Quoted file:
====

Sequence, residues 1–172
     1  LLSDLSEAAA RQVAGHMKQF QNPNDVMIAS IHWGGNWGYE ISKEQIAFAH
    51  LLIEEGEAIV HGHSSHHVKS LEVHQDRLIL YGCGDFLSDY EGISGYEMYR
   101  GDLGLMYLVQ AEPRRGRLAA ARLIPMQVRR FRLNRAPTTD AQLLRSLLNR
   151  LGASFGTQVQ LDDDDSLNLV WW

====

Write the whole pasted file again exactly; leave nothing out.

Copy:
Sequence, residues 1–172
     1  LLSDLSEAAA RQVAGHMKQF QNPNDVMIAS IHWGGNWGYE ISKEQIAFAH
    51  LLIEEGEAIV HGHSSHHVKS LEVHQDRLIL YGCGDFLSDY EGISGYEMYR
   101  GDLGLMYLVQ AEPRRGRLAA ARLIPMQVRR FRLNRAPTTD AQLLRSLLNR
   151  LGASFGTQVQ LDDDDSLNLV WW